A hummingbird drinks from pensemon flowers.
A hummingbird drinks from pensemon flowers.

Broad-tailed Hummingbird and penstemon. Photo: Evan Barrientos/Audubon Rockies
Broad-tailed Hummingbird and penstemon. Photo: Evan Barrientos/Audubon Rockies

Habitat Hero

Nine Native Plants to Attract Hummingbirds in Colorado, Utah, and Wyoming

Support hummingbirds with these nectar-rich plants.

One of the best ways to attract hummingbirds to your landscape is to add native plants that are rich in nectar and bloom during different parts of the year. Here are nine regionally native perennials for hummingbirds that are ideal for waterwise Habitat Hero gardens in Colorado, Utah, and Wyoming.

Late Spring to Early Summer Bloomers

Penstemon (aka, Beardtongue)

Penstemon species

Thriving in sunny conditions, penstemons have tube-shaped flowers that are jam-packed with nectar, making them attractive to hummingbirds and other pollinators. You’ll find native penstemons across Colorado, Utah, and Wyoming, from desert to mountain habitats. Typically, penstemons offer an early-season source of nectar, but some will bloom (or rebloom) in late summer.

Flowering desert beardtongue plant and flowers.
Desert beardtongue (Penstemon pseudospectabilis). Photo: Bill Adams and Pat Hayward/Plant Select.

Coral Bells 

Heuchera species

Coral bells are shade-loving perennials with wide, colorful leaves, but it’s the nectar in their tiny, bell-shaped flowers that attracts hummingbirds. If you’d like a Western native species, look for Sandia coral bells (Heuchera pulchella). It thrives in well-drained gardens up to 8,000+ feet. 

Flowering sandia coral bells plant and flowers.
Sandia coral bells (Heuchera pulchella). Photo: Kirk Fieseler/Plant Select.


Aquilegia species

Columbines usually prefer moist, well-drained conditions—ideal for many higher-elevation gardens. For a tough, drought-tolerant columbine for lower elevations, look for native golden columbine (Aquilegia chrysantha). It’s often called DENVER GOLD® or Golden Spur. This showy, wild species of columbine is native to parts of Colorado’s Front Range, southern Utah, and the Southwest. 

Columbine plants with yellow flowers.
DENVER GOLD® columbine (Aquilegia chrysantha). Photo: Plant Select

Mid-Summer Bloomers

Wild Bergamot (aka, Beebalm)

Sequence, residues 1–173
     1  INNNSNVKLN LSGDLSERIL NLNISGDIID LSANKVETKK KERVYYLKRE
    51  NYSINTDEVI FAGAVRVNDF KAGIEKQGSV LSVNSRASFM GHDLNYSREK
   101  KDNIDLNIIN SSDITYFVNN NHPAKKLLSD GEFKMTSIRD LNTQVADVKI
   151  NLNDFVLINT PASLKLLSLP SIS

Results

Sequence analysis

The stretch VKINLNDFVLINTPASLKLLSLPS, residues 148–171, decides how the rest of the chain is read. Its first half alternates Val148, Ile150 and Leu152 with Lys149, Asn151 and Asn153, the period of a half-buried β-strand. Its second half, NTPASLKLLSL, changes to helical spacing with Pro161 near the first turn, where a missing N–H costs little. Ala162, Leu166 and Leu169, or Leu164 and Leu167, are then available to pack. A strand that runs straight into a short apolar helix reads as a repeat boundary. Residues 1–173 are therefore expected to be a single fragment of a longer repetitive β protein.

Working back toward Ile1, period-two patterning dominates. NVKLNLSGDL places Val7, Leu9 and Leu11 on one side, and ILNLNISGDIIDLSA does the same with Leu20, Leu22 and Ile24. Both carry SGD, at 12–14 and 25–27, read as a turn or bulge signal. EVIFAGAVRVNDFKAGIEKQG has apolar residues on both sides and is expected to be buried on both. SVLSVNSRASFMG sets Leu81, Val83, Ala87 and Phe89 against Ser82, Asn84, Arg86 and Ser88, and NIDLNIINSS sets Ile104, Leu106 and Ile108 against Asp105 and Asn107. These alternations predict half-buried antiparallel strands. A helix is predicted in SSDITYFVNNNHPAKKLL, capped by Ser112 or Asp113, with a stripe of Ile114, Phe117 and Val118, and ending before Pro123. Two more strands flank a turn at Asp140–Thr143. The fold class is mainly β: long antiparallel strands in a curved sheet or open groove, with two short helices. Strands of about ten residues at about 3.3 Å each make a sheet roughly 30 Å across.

Monarda fistulosa

This tall, native perennial has flowers that resemble whimsical pom-poms. The blooms offer nectar to bumblebees, hummingbirds, and other pollinators. Wild bergamot tends to grow best in moist, well-drained soils and sunny conditions, but it can tolerate drought, clay, and light shade. 

A bumblebee on flowering bergamot.
Wild bergamot (Monarda fistulosa) with bumblebee. Photo: Ann Kendall

Red Birds in a Tree 

Scrophularia macrantha

This Southwestern wildflower attracts hummingbirds year after year. It produces charming, red flowers that look like little songbirds perched on tree branches. Related to penstemons, this regional native thrives in Colorado, Utah, and Wyoming landscapes, including higher-elevation gardens. 

Flowering red birds in a tree plant and flowers.
Red birds in a tree (Scrophularia macrantha). Photo: David Winger and Ann Kendall/Plant Select

Red Yucca 

Hesperaloe parviflora

A tough-as-nails plant that feeds hummingbirds? Yes, please! This regionally native plant is a problem solver for hot, dry, and sunny spots in western landscapes—as long as they’re well-drained. Hummingbirds feed from the coral-pink, trumpet-shaped flowers that emerge on tall spikes. 

Red yucca (Hesperaloe parviflora). Photo: Dan Johnson and Pat Hayward/Plant Select

Late Summer to Early Fall Bloomers

Hummingbird Trumpet 

Epilobium canum subspecies garrettii (formerly, Zauschneria garrettii)

Hummingbird trumpet is a vibrant, fast-spreading groundcover that grows well at both lower and higher elevations. Happiest in full sun, it gets masses of scarlet-orange flowers that attract hummingbirds. This subspecies is native to Utah, Wyoming, and Idaho.

A flowering hummingbird trumpet plant.
ORANGE CARPET® hummingbird trumpet (Epilobium canum ssp. garrettii 'PWWG01S'). Photo: Diana Reavis/Plant Select

Hyssop (aka, Hummingbird Mint) 

Agastache rupestris, Agastache cana & similar species

Western hyssops have thin, tubular flowers that attract hummingbirds, butterflies, and native bees. Hyssops offer a late-season nectar source for migrating hummingbirds after many plants have stopped blooming. Best for lower elevation gardens. 

Flowering hyssop plants.
Sunset hyssop (Agastache rupestris). Photo: Dan Johnson/Plant Select

Western Salvia (aka, Western Sage) 

Salvia greggii, Salvia darcyi & similar species

Native to the Southwest, western salvias are long-blooming, sun-loving perennials that thrive in the heat. These woody perennials have nectar-rich flowers that attract hummingbirds and bumblebees. Best for hot, lower-elevation gardens in Colorado, Utah, and Wyoming. 

Flowering salvia plant.
VERMILION BLUFFS® Mexican sage (Salvia darcyi 'Pscarl') and Wild Thing sage (Salvia greggii) Photo: Panayoti Kelaidis/Plant Select
Flowering salvia plant.
Mojave sage (Salvia pachyphylla). Photo: David Winger/Plant Select

You can find more regionally native plants for hummingbirds here.


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